A U.S. Senator visited the University of Georgia recently to learn about the services it offers its student veterans.
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According to an article by the Red & Black, the university’s student-run newspaper, U.S. Sen. Johnny Isakson (R-GA) visited the Student Veterans Resource Center in the Tate Student Center Monday to meet with some of the university’s veterans.
“Bill McDonald, the dean of students, introduced Isakson as the senator sat with over a dozen university students who had served in the National Guard, U.S. Air Force, U.S. Marines and U.S. Army. McDonald emphasized Isakson’s long track in public service, highlighting the senator as the first Georgian since the late 1800s to serve in the state House, state Senate, U.S. House of Representatives and the U.S. Senate,” the article reads. “Isakson served in the Georgia Air National Guard from 1966 to 1972, and has spent much of his legislative career heavily focusing on veteran’s issues, and currently serves as the chairman of the Senate Veterans Affairs Committee.”
Isakson reportedly spoke about easing the transition from using services provided to active duty soldiers to using veteran’s services — specifically in the field of education.
“Many of the students, who are pursuing degrees varying from anthropology to forestry to engineering, shared their stories about how different services provided by the SVRC helped them,” the article reads. “Ted Barco, the director of the SVRC, then delivered a presentation on the services the center provides student veterans, as well as goals for improving its services.”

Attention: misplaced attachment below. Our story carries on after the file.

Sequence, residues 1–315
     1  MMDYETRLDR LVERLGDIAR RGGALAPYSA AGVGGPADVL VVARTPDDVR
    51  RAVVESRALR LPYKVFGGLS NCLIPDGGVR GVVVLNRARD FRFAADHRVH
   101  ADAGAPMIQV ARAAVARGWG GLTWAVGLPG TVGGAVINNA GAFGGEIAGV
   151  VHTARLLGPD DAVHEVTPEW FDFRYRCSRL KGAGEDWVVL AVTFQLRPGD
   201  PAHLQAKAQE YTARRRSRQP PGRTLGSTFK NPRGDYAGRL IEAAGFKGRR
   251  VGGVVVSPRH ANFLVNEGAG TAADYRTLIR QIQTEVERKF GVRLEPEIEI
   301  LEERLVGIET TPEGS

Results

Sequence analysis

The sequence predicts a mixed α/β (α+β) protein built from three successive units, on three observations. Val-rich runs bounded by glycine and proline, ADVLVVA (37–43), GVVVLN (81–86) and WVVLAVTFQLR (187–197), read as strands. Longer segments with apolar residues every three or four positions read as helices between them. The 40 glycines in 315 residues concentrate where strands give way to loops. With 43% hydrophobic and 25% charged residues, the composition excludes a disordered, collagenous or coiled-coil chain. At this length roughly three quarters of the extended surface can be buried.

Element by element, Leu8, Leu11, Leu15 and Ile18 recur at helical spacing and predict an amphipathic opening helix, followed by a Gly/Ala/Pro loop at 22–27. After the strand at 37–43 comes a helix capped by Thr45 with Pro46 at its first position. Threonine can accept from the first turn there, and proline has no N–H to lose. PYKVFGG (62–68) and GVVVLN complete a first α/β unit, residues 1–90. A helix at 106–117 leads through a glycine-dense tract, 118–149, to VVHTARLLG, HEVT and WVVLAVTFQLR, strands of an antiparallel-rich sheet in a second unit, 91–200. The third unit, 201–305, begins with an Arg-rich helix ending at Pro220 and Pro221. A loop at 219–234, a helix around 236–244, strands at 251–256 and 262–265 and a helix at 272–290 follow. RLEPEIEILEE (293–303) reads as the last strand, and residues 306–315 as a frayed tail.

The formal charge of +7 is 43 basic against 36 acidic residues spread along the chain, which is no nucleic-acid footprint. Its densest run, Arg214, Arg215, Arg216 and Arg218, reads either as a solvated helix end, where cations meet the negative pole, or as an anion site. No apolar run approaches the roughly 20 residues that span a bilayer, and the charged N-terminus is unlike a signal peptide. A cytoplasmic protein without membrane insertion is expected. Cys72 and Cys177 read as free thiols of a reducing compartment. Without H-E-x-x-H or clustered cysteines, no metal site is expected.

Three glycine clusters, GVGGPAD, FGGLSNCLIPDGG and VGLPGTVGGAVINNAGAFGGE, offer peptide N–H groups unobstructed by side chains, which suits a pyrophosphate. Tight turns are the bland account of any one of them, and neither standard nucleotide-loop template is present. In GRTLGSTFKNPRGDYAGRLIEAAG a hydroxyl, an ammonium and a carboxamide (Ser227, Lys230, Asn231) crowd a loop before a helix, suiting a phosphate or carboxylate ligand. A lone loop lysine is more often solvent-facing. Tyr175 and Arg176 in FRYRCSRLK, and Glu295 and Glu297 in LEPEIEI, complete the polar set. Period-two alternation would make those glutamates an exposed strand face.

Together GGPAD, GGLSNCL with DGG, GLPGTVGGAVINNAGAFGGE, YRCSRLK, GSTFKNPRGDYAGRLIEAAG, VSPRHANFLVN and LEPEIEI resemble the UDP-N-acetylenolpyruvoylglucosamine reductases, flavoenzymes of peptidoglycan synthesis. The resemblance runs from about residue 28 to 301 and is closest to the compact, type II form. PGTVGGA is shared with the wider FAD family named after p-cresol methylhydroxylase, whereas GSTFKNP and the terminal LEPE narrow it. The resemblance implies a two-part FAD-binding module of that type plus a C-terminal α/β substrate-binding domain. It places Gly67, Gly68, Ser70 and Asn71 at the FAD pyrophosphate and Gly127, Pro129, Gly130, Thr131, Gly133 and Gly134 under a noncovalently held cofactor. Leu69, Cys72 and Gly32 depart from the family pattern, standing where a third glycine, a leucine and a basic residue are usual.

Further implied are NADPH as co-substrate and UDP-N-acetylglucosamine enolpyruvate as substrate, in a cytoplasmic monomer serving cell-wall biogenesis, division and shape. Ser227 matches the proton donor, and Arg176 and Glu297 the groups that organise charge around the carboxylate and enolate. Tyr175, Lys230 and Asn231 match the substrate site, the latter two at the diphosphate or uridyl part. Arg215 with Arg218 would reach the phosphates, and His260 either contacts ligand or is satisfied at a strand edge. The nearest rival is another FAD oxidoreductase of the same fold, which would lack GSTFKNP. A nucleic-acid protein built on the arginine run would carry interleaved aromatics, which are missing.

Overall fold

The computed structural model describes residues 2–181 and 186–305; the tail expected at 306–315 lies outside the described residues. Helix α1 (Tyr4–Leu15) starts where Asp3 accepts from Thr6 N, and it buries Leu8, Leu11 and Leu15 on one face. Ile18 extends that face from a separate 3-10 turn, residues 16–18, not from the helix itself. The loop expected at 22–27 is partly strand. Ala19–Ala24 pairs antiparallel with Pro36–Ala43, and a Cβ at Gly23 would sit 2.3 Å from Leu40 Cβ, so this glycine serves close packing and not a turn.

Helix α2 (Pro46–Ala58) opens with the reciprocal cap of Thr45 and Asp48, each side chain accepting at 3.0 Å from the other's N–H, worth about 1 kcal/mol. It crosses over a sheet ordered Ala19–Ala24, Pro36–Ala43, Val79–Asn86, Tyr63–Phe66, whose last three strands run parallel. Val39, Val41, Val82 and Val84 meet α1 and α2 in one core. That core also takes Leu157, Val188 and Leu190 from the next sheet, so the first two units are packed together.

Barco mentioned at the meeting that one development is that the SVRC is currently investigating the possibility of a corporate sponsorship. Under a corporate sponsorship, in exchange for having its name on the center, the business would give $3 million that would be used for additional scholarships and grants for veterans who take advantage of the center’s services.
At the end of the presentation, Isakson summarized his feelings on the stories he heard and the progress the center has made in its veteran services.
“When I was a student back in the late 60s, I remember that veterans coming back were not welcomed with open arms or treated well,” he said. “But being here today, I can sense that over time it has become much better and I’m so glad that UGA has contributed to that, because if it wasn’t for our veterans, we wouldn’t have a country today, let alone this university.”